We have been working hard at trying to see what the next three years will be like for us here in Thailand. We've decided to move toward business as missions. Our first two years were exploratory and feel we have found our groove, yet there is still a lot of work to do. Lynn has re-opened Lynn Michelle Design, creating a line of baby products as well as all-natural laundry soap. We are selling at local markets and will be getting our business licensed. I am “the help.” Whatever Lynn needs help with, I try to do. We want to live the light of Christ as people doing business in this city. We are excited about this! It will take time to be self-sufficient. So, we greatly appreciate your support and hope that with each year, we can support ourselves more and more.

I (Joe) have started a website to continue my goal of being involved in the health and running community of Bangkok. I will be writing a few small eBooks along the way to help fund ourselves, and share what Jesus is doing in my life. Through the site, I started a meet-up to discuss physical and spiritual health. The group is small. We’ve met four times so far and are of various religious beliefs; it will be interesting to see how God leads the group as I find opportunities to share.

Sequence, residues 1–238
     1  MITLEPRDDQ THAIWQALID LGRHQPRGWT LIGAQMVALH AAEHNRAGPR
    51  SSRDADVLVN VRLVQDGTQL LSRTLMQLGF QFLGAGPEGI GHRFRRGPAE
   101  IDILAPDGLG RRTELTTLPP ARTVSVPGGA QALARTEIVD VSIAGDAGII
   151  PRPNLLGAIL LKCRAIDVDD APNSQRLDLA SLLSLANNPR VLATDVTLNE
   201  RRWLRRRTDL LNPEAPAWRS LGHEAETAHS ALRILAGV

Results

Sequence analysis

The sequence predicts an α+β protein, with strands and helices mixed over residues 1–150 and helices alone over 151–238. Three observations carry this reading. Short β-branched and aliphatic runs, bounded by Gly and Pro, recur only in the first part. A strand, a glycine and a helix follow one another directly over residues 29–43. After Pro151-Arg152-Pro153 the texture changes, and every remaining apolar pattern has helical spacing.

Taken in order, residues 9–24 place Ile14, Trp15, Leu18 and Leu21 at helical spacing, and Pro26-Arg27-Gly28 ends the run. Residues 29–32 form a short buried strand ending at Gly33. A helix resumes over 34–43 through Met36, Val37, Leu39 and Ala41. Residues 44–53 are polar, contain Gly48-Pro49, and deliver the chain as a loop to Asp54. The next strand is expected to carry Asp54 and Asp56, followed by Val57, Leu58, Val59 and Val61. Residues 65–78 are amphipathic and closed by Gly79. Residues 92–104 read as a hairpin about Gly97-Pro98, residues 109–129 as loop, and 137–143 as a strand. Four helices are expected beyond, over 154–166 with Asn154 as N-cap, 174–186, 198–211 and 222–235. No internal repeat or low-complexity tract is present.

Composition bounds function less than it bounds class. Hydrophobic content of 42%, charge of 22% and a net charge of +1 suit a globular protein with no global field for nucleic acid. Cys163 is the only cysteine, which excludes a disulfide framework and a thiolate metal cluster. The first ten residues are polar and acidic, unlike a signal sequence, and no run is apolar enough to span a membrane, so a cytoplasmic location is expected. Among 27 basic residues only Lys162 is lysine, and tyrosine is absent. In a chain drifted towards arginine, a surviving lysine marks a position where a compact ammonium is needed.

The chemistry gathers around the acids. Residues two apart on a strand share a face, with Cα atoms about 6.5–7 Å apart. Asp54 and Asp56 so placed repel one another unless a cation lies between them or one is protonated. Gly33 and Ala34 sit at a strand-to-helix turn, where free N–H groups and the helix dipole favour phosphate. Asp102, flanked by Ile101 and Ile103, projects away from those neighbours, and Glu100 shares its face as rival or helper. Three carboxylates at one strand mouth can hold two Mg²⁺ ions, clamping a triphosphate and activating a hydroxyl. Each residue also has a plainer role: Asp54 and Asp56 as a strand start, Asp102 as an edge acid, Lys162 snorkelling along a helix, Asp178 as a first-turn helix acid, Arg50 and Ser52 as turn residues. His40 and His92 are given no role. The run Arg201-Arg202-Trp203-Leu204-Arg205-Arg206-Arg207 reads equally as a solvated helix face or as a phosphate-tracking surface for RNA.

Please pray for us we continue to discern what God has directed for our time in Thailand and how we are to move forward here.

Please pray for…

  • Lynn, Brennan and Khruu (a Thai friend who is currently living with the family) who will be in NY and Ohio over Christmas and New Year’s. Pray for safe travels and a good trip for Khruu.
  • Business ventures—that they are fruitful in the marketplace and in God’s Kingdom.
  • Our friends—that they will give Jesus a chance.
  • Joe and Lynn as we raise funds for the upcoming three-year term.
  • Our family—that we continue to communicate well and are drawn closer together.
  • Brennan as he makes the transition to homeschooling in January. Pray that we are patient and can coordinate our schedules well.
  • Planning– as we work on the schedule for our two-month home assignment in March – April 2014.

*Last name omitted for security reasons.


December 17, 2013

What Exactly is Pride??